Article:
Rodolfo T. Arrieta
Spectrum Sciences and Software, Ft. Walton Beach, FL 32547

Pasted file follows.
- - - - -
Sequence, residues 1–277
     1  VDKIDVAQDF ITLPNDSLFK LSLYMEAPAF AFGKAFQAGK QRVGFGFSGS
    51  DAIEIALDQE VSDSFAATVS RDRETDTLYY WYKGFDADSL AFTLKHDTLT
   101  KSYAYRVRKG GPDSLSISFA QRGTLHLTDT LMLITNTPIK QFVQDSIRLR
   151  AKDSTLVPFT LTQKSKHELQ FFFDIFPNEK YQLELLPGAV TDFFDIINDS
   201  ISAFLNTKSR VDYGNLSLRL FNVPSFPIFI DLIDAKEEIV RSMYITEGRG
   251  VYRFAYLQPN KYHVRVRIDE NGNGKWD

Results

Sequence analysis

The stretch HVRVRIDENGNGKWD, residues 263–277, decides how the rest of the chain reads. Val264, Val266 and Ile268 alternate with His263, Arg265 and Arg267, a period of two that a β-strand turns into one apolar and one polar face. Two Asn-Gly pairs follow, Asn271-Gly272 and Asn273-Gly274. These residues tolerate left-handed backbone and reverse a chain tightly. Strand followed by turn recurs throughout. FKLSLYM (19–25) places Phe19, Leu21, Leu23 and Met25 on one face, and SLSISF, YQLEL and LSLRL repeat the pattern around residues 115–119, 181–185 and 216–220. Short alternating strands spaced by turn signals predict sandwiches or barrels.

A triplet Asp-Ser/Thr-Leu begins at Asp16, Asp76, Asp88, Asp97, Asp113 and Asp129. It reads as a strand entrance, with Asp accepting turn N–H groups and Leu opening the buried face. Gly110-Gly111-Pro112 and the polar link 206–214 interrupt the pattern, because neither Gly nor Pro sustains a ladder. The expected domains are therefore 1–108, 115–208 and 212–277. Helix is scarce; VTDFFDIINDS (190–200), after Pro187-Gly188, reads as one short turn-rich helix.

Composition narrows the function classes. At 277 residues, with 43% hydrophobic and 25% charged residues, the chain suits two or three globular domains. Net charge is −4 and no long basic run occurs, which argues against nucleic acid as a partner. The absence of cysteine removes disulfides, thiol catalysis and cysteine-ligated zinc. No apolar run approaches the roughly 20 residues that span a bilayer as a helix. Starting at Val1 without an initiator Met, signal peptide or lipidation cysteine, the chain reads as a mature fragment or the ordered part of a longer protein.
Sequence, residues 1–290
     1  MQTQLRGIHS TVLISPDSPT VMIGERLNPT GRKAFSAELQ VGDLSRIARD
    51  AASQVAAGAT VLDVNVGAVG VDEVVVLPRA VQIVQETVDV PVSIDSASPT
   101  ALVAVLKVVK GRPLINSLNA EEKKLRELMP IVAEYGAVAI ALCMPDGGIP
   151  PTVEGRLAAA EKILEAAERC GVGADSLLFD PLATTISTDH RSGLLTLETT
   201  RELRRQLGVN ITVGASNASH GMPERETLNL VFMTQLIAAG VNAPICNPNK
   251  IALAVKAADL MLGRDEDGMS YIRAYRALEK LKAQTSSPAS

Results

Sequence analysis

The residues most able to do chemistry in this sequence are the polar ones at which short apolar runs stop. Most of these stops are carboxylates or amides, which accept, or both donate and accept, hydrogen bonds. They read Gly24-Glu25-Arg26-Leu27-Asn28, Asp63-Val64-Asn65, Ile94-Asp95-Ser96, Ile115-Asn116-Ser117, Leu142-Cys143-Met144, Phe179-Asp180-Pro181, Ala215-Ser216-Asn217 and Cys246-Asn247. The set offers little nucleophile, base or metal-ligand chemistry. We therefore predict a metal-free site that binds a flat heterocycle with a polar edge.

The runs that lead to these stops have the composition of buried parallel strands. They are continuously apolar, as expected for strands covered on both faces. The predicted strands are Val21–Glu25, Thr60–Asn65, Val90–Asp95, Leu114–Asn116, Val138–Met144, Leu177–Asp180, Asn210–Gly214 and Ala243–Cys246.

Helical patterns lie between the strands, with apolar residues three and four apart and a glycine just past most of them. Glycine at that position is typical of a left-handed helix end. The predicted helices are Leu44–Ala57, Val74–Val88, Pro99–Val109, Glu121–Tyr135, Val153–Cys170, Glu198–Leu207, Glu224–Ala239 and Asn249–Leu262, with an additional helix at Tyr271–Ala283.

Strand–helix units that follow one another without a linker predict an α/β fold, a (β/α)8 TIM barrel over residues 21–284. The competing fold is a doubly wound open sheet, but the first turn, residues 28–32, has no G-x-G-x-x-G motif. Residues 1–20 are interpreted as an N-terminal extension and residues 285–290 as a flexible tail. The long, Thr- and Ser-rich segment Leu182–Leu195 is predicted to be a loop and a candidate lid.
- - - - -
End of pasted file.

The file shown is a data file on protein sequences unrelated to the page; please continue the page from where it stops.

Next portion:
There is growing concern over the impact of human intrusion into the habitat of certain wild animal species. A major part of this intrusion is in the form of noise from moving vehicles. The level on the ground or underwater caused by moving noise sources has been dealt with as single-event intrusions that may cause startle and associated physiological responses, and as cumulative noise exposures. The later approach allows correlation between the cumulative noise exposure of the whole animal population, and the change in population numbers and overall health. Currently, the most difficult part of this analysis lies in determining the sound exposure of the population since both the animals and the noise sources are spatially and temporally varying. There is a certain amount of knowledge about the movement of both the noise sources and the population; this knowledge can be used to create a kinematic simulation of the motions of both entities. Such a simulation has been used to yield long-term spatial probability distributions of noise sources that can then be superimposed over similarly obtained distributions of the population. This superimposition yields the required estimates of the total noise exposure of the population.